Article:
Financial Globalization and Economic Policies

Columbia University
Handbook of Development Economics 03/2009; DOI: 10.2139/ssrn.1392949
Source: RePEc

ABSTRACT We review the large literature on various economic policies that could help developing economies effectively manage the process of financial globalization. Our central findings indicate that policies promoting financial sector development, institutional quality and trade openness appear to help developing countries derive the benefits of globalization. Similarly, sound macroeconomic policies are an important prerequisite for ensuring that financial integration is beneficial. However, our analysis also suggests that the relationship between financial integration and economic policies is a complex one and that there are unavoidable tensions inherent in evaluating the risks and benefits associated with financial globalization. In light of these tensions, structural and macroeconomic policies often need to be tailored to take into account country specific circumstances to improve the risk-benefit tradeoffs of financial integration. Ultimately, it is essential to see financial integration not just as an isolated policy goal but as part of a broader package of reforms and supportive macroeconomic policies.

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Available from: Shang-Jin Wei, Aug 28, 2015
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    • "Nevertheless , Spratt (2009) is one of the few recent publications that provides a good overview of the current issues in development finance. Kose et al. (2010) is also helpful in understanding issues associated with financial globalization. Another source of input for this paper is the data sets and publications made available by international organizations due to their coverage of empirical and policy aspects. "
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    • "inancial sector, impose discipline on macroeconomic policies, generate efficiency gains among domestic firms by exposing them to competition from foreign entrants, and unleash forces that result in better government and corporate governance. These collateral benefits could enhance efficiency and, by extension, total factor productivity growth (see Kose et. al, 2010)."
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    ABSTRACT: This paper provides a brief analysis of three major questions raised in the context of the recent global financial crisis. First, how similar is the crisis to previous episodes? We argue that the crisis featured some close similarities to earlier ones, including the presence of credit and asset price booms fueled by rapid debt accumulation. Second, how different is it from earlier episodes? We show that, as much as it displayed some similarities with previous cases, it also featured some significant differences, such as the explosion of opaque and complex financial instruments in a context of highly integrated global financial markets. Third, how costly are recessions that followed these types of crises? Although the latest episode took a very heavy toll on the real economy, we argue that this was not a surprising outcome. In particular, historical comparisons indicate that recessions associated with periods of deep financial disruptions result in much larger declines in real economic activity. We discuss the implications of these findings for economic and financial sector policies and future research.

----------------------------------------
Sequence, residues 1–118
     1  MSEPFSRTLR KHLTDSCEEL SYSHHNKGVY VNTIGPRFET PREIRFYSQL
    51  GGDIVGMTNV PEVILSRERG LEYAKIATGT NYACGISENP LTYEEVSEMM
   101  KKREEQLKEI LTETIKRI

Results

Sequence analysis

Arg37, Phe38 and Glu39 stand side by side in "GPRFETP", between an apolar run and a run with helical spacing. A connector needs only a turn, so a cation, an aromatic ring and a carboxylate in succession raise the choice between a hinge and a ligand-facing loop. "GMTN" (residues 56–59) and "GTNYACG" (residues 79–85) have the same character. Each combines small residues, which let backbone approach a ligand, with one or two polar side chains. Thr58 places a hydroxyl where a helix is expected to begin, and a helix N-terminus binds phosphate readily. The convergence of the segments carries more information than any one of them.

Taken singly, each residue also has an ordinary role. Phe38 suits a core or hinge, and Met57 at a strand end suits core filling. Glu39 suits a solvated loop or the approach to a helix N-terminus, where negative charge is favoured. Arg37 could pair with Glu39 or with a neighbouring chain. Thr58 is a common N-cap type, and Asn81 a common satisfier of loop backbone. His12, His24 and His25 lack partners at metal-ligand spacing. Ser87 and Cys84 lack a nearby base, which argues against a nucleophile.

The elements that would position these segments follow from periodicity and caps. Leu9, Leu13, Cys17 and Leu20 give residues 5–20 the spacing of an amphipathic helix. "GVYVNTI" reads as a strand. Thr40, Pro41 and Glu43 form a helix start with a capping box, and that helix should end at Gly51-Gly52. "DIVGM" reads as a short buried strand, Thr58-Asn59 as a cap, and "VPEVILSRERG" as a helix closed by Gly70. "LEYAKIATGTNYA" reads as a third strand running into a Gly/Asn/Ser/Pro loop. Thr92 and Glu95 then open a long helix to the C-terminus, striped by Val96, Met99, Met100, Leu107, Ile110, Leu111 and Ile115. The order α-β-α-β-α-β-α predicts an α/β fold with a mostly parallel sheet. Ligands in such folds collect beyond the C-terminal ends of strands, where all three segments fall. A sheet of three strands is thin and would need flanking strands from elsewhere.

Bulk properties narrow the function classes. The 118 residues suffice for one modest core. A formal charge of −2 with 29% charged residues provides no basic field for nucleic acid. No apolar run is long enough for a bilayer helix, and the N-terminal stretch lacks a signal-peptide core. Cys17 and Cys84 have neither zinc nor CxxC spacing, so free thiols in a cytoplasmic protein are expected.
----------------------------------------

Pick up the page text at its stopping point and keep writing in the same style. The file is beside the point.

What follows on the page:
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    • "In contrast, the selection of domestic …rms and knowledge spillovers imply multinational activity causes higher aggregate, domestic productivity. How the latter two a¤ect domestic production is, however, countervailing: tougher domestic selection 1 See Harrison and Rod´riguez-Clare (2011) and Kose et al. (2011) for recent overviews of the literature that examines the relationship between multinational activity, productivity and economic growth. At the macro level, the cross-country correlations between average FDI-to-GDP ratio and average TFP and GDP per capita growth were 0.26 and 0.35, respectively. "
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    ABSTRACT: The impact of multinational activity on host-country productivity has been a major topic of economic research. A positive impact can be attributed to knowledge spillovers from foreign multinational to domestic …rms or a less stressed, alternative explanation— …rm selections— whereby competition from multinational …rms leads to market reallocations and allows only the most productive domestic …rms to survive. We develop a theoretical and structural empirical framework to distinguish the two e¤ects and show that even though both knowledge spillovers and selections predict a positive relationship between multinational activity and aggregate productivity, the e¤ects bear distinct pre-dictions for the distributions of domestic …rms. Knowledge spillovers induce a rightward shift of the productivity distribution; the selection e¤ect, in con-trast, causes a weaker, or even leftward, shift of the revenue distribution and an increase in the cuto¤ productivity and revenue. Using a large cross-country panel dataset of manufacturing …rms, we …nd signi…cant evidence of selec-tions, market reallocations as well as knowledge spillovers. We also quantify the productivity gains associated with each e¤ect and explore cross-country heterogeneity.
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